In school, we learn History and, should we wish, we transfer to History A Level and perhaps a degree in History. If Geography is what really floats your boat, then a Geography degree could be in your future. Pick an element of Science – physics, biology or chemistry – and you can find numerous degrees focused on a particular strand of that science. If you enjoy RE at school however, what degree subjects are available to you? The majority of them include the word theology or even philosophy. RE is perhaps the only multidisciplinary subject striving to seek a balance between theology, sociology and philosophy.
The problem of defining RE and its purpose is one of the key factors that has contributed to the poor picture of RE in England and there does seem to be a broad agreement that RE is in crisis. Reports such as ‘Making a Difference’ (Church of England Archbishops’ Council Education Division, 2014), ‘Realising the potential’ (OFSTED, 2013), RE for REal (Dinham and Shaw, 2015) and ‘A new settlement: religion and belief in schools’ (Clarke and Woodhead, 2015) all highlight the confusion over the purpose of RE and the patchiness of provision, made greater by schools moving out of local authority control. The current commission on RE’s interim report ‘Religious Education for all’ (RE Council, 2017) insists that unless something is done to rectify the current situation, RE “faces a perilous future” (RE Council, 2017).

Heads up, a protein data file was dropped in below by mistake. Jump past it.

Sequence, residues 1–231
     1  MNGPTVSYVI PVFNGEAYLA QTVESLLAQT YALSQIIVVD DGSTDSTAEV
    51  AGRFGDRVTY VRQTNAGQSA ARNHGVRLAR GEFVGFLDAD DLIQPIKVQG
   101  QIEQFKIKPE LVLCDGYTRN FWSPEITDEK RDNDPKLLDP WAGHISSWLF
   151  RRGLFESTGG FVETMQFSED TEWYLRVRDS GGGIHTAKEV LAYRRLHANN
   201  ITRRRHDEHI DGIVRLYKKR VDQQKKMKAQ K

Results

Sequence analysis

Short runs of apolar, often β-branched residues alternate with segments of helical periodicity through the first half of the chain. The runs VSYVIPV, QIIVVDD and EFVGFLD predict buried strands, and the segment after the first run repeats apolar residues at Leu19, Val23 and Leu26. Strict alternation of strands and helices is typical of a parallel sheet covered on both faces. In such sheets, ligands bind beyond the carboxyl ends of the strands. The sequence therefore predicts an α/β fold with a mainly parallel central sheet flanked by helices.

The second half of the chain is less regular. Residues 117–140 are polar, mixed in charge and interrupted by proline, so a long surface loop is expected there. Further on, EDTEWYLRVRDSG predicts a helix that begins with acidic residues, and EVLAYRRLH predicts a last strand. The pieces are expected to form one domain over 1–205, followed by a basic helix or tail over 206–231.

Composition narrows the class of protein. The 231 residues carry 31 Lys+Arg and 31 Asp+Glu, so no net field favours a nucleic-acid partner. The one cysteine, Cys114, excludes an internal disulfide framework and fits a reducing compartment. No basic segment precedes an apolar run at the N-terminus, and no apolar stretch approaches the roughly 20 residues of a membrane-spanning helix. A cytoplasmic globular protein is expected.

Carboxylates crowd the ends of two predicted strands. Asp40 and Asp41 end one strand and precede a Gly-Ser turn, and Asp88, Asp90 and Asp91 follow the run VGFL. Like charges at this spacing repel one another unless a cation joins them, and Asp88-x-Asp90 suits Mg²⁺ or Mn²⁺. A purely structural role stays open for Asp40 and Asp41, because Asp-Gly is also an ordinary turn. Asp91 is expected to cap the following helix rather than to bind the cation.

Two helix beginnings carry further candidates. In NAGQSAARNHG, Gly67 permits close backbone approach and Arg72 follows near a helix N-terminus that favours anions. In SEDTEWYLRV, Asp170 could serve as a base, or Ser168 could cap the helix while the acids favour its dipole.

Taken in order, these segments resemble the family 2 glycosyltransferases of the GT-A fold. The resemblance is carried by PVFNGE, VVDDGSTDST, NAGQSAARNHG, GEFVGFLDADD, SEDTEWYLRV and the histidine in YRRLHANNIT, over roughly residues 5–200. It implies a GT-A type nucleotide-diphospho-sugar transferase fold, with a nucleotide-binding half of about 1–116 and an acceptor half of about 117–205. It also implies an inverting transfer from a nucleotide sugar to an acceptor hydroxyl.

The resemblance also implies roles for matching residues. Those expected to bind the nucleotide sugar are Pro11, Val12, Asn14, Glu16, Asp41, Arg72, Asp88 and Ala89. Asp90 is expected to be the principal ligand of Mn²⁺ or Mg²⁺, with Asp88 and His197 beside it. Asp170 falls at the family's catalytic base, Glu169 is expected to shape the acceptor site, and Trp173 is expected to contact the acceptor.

What all these reports do agree on is that enabling children to develop religious literacy is the foundation of good RE. So how does all of this information affect the school I work in and its learners? What can I do to improve teaching and learning in RE at my school? How can I ensure my colleagues understand what religious literacy is and empower the teachers to deliver clear, focused RE which develops religiously literate learners?